Filed in Articles & Interviews The Americans

Keri Russell on Her First Emmy Nomination, for ‘The Americans’

In 1999, after a single season as the bountifully curled college student at the helm of WB’s “Felicity,” Keri Russell won a Golden Globe. Seventeen years and countless hairstyles later, Ms. Russell has finally earned recognition for the strongest role of her career — an Emmy Award nomination for playing Elizabeth Jennings, the K.G.B. agent and master of disguise, on FX’s “The Americans.” The 68th Emmy Awards will be held on Sept. 18.

It was the first Emmy nomination for Ms. Russell, who, despite high marks in that critically acclaimed show, had been overlooked its three previous seasons. The icing on the cake: Matthew Rhys, her onscreen husband (Philip Jennings) and offscreen partner, earned his first nomination as well.

“To be honest, we weren’t paying attention to it at all, because for so many years we haven’t been acknowledged,” she said. “What a fun surprise. Because in a strange way I feel like we’re the bad kids who got invited to the party — like somehow this year we slipped through the cracks.”

In a recent phone conversation from the couple’s country home in Woodstock, N.Y., Ms. Russell talked about working under the radar; life with their newborn, Sam; and the real reason they drink so much wine. These are edited excerpts from that conversation.

You’ve been doing a lot of interviews lately. Aren’t you tired?

At least this one is done from home with smeared mascara from last night and sweaty, with no shower. We have a newborn, so we took the summer off and decided to let the craziness of no sleep happen amongst nature.

Is there any Emmy competition between the two of you? What if one wins and the other doesn’t?

Yeah. We’re breaking up. Absolutely. [Laughs] No, no, this year I feel like the win was the nomination. If anything, I was just hoping for [the showrunners] Joe [Weisberg] and Joel [Fields] that the writing would be nominated because the critics seem to be most in love with that. And it was.

You’ve spoken about how cool it was that “The Americans” stayed under the radar. But these nominations make you officially mainstream, don’t they?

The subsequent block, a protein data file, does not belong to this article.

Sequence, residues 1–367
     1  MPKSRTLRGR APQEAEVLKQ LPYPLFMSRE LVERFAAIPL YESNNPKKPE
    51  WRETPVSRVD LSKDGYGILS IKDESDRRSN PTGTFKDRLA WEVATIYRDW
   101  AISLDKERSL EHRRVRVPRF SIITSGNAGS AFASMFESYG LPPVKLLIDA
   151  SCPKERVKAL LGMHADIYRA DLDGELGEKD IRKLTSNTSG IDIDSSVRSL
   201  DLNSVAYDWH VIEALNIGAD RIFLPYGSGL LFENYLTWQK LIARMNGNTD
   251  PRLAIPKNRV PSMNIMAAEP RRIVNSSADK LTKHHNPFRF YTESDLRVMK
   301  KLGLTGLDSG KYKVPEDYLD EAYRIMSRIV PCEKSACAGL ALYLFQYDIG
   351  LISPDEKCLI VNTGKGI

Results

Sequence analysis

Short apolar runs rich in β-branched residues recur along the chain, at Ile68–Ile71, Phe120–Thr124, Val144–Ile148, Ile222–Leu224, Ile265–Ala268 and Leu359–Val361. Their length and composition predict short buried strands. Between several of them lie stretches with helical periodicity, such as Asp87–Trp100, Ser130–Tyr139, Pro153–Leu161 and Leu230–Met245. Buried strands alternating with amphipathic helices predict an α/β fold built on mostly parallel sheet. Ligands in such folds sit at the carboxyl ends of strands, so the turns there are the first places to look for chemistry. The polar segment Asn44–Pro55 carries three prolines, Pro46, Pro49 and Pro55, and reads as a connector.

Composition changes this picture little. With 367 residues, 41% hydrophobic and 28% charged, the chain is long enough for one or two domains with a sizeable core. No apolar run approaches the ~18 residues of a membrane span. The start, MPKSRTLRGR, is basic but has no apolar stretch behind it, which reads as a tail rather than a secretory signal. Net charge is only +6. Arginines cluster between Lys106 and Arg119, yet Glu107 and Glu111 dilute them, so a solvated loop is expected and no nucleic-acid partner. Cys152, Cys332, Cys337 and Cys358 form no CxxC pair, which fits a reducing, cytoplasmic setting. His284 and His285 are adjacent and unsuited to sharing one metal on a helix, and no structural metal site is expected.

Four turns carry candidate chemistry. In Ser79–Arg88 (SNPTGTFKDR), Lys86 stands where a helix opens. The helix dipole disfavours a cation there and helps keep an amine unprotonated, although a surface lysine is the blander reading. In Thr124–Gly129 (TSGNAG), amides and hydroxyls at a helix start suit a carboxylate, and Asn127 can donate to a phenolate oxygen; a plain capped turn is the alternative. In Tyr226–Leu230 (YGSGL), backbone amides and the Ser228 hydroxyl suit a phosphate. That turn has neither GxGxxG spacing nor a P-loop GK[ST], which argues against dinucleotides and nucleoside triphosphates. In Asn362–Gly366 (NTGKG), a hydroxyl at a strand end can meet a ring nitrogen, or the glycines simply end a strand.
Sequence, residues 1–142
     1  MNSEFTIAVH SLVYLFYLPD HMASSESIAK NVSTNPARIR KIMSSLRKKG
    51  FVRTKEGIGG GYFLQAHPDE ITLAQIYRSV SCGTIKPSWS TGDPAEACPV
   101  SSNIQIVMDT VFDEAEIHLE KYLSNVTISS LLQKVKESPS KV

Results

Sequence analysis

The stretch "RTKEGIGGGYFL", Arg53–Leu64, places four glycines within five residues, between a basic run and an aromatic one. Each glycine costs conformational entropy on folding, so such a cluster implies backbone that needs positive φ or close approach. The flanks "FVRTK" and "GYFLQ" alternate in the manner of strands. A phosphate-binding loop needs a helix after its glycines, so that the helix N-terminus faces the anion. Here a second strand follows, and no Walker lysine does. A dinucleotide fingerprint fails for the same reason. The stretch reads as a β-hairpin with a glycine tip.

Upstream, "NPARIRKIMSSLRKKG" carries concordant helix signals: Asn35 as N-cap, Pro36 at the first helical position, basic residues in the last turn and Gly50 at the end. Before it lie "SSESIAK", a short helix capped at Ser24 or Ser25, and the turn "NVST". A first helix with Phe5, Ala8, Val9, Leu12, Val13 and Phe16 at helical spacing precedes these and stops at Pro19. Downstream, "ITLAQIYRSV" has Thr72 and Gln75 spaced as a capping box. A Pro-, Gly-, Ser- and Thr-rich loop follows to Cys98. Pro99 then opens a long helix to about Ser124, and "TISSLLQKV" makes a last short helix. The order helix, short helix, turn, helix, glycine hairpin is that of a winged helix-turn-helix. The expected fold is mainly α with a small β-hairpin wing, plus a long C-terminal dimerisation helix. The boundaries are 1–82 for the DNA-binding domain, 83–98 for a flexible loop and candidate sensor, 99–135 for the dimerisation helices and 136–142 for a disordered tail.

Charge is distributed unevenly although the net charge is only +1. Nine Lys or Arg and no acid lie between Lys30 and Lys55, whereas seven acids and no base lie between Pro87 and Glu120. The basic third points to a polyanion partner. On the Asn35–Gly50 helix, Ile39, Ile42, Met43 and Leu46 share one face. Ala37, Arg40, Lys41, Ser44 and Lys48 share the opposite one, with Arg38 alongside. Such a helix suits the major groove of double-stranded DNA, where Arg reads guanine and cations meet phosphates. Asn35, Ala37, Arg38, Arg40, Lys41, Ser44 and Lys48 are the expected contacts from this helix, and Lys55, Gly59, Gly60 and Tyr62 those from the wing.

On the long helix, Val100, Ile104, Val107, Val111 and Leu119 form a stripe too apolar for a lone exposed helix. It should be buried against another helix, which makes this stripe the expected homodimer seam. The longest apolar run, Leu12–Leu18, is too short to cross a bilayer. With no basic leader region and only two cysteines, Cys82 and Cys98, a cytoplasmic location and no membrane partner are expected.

God, ugh, it’s true. We’re in this sweet spot where we have this great job on this creative cable show. We’re not oversaturated in the market. We celebrated for about two minutes after the nominations, then we talked to Joe and Joel on the phone, and we all went: “Argh, this is awful. Now no one’s going to write anything good about our show. Now people aren’t going to like us.” All of us have such a healthy dose of pessimism and underdoggedness that we were very happy in that place.

It was a great season for Elizabeth, whom you’ve described as hard core in a way you love. Why?

I relish this character because as a woman, I get to not be always the sensitive one in the scene, the one who fixes the family, the one who is pining in the relationship — although one might argue that in this season I did a little bit more of that. I don’t think people realize that still for women, those are a lot of the roles. Even in great movies there are, like, two good scenes for a girl, and you’re the doting wife or the understanding girlfriend. Elizabeth demands respect. She doesn’t care if it’s wrong or what the neighbors are thinking. She’s a little bit of my fantasy, absolutely.

You have two older children. Had you forgotten what it’s like working with a newborn?

There is something very unique about being a working mother, and the demands of having a baby blindside me every time I do it. You know what’s expected of you. And yet it’s like: “Oh right, it has to be me. I don’t get to leave the house. I have to be here every two hours.” You have this baby who you give everything to and you’re so excited for, but I feel like you come back to work wanting it more because you’ve missed it.

You’ve called this a show primarily about marriage. Since you live with your onscreen husband, does it ever bleed into your real life?

We come home wearing disguises? We spice things up? I think the truthful way to answer that is working with somebody you’re sharing a life with has its ups and downs, obviously. A divide is always good.

What’s your dream ending for the show?

Well, it probably changes year to year. But I kept hoping they would consider the idea of turning, like going to the F.B.I. and becoming double agents for the safety of their family. But when I brought that up one time, Joe looked at me like I had said the most blasphemous thing in the world. He was like [hisses], “Elizabeth would never…”

Are you guys drinking a lot of wine these days now that Matthew’s “The Wine Show” is on Hulu?

I think it’s safe to say we drank a lot of wine even pre-“Wine Show.” And I have a feeling that doing that show was a thinly masked reason for him to continue drinking with his very good friend Matthew Goode and get paid for it. The two of them are so ridiculous and fun and charming, and America will love it.